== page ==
You also have to be careful about borrowing any money from the UK company. If you borrow anything, and have not repaid it by 12/31 of any tax year, it is also a "deemed dividend" or Subpart F income, under Internal Revenue Code §956. So if you borrowed $50 from the UK company in August 2014, and had not paid it back by December 31, 2014, you would be considered to have a $50 dividend. It would come with a gross-up of foreign taxes as well.

As you can see, owning a foreign company can be complex. But follow the rules starting early, and you can be a step ahead, and make it not that difficult. I am not sure what the new rules are as far as customer contact, but I believe we can now offer additional services, so if any of this comes to pass, you could contact me if you wish and we could help you with this.

I hope this answers your questions. If you have any more, ask away! I know I may have opened a can of worms, but I like you to be aware of what future implications you might have before they happen. If you have found this helpful, please rate me highly.

Again, thanks!

taxmanrog and other Tax Specialists are ready to help you
Customer: replied 3 years ago.

Thank you for your very helpful answers. I just wanted to clarify something. I was led to believe that my share of profits (67%) would be taxable in my 1040 as subpart F income. So if the company made $10, $15 and $25 in the first three years, I would include my share of profits of $6.67 (67% of 10), $10 (67% of $15) and & $16.67 (67% of $25) in my 1040 as schedule C income. I would also take credit for my share of the taxes paid which be $2 (67% of $3), $3.33(67% of $5), and $6 (67% of $8). From what you say I was misled, and that I would only account for profits when I receive dividends.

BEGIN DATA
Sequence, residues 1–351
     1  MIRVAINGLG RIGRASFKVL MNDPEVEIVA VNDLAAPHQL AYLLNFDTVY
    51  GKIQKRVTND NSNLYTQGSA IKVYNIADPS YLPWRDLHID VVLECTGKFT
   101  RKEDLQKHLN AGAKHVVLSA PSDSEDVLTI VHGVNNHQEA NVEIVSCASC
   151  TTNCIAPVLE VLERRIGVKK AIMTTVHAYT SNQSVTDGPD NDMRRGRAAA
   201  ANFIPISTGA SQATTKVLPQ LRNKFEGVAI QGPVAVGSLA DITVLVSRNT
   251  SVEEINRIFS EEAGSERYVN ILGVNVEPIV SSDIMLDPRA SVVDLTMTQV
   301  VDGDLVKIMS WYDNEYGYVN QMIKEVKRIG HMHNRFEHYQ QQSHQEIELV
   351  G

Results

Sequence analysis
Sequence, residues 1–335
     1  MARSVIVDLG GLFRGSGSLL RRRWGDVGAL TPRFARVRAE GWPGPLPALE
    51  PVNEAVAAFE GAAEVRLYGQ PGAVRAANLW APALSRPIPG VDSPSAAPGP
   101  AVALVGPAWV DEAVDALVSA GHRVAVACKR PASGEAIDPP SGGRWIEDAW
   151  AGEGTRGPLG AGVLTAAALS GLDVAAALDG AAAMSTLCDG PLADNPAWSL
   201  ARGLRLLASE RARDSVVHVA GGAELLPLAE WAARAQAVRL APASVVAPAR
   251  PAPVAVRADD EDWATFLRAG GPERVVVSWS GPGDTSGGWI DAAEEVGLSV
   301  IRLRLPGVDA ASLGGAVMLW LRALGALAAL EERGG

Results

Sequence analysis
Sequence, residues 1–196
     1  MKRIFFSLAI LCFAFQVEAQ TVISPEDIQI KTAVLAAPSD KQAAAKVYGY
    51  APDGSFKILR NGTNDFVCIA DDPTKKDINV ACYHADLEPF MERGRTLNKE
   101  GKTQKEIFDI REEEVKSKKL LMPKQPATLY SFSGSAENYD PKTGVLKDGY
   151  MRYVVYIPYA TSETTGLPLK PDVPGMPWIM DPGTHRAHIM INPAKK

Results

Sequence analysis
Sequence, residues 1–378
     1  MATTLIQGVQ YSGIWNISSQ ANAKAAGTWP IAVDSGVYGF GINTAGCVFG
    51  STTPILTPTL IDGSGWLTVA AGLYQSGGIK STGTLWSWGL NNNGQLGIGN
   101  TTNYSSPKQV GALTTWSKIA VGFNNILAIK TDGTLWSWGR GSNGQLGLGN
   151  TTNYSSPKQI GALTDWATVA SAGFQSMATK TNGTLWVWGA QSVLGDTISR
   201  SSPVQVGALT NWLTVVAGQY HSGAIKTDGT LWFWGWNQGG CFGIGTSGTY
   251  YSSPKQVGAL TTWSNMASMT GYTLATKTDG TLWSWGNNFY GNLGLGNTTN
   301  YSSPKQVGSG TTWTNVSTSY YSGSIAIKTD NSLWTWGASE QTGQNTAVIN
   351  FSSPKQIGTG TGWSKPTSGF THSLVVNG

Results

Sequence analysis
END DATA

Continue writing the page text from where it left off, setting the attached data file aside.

This is not correct. If the UK company is a corporation, the income would only be Subpart F if the UK company is operating outside of its' country of incorporation, or if it is insurance, oil, or shipping income. So, if it is a normal UK operating company, the income is NOT going to be Subpart F. Furthermore, if it IS Subpart F income, the income is NOT reported on Schedule C! Subpart F income is a "deemed dividend", and as such is reported on Schedule B of the tax return. And, as I said in my first answer, any dividend, regular or deemed, carries with it a "gross-up" of foreign tax, so your dividend will carry its own Foreign Tax Credit with it, to be reported on Form 1116.

Whoever told you that the income is reported on Schedule C is wholly wrong! Schedule C income is ONLY for self-employment income. The UK corporation does NOT generate self-employment income.

I hope this helps! Feel free to ask any more questions if anything is not clear.

Again, thanks!

Customer: replied 3 years ago.



I hope you are fit and well. I still would appreciate clarification of you last answer.


1. A UK Corporation (formed in the UK under the rules of the UK).

2. No business presence or investments in the US,

3. The UK Corporation ONLY earns real estate rental income from properties only from situated in UK.

4. US individual owns 67% of the UK Corporation and is a Director

5. The US Individual needs to complete Form 5471

6. There is no subpart F income to report

7. Dividends are reported when paid with specific rules for earnings pools and tax pools.


Would 6 and 7 be correct?

You are correct for #5. For #6, Subpart F income is defined in IRC §952 . One of the items that is taxable as Subpart F income is "Foreign Base Company Income" (FBCI) in §954. Under that section, among all the definitions of things that are FBCI, is the following exception: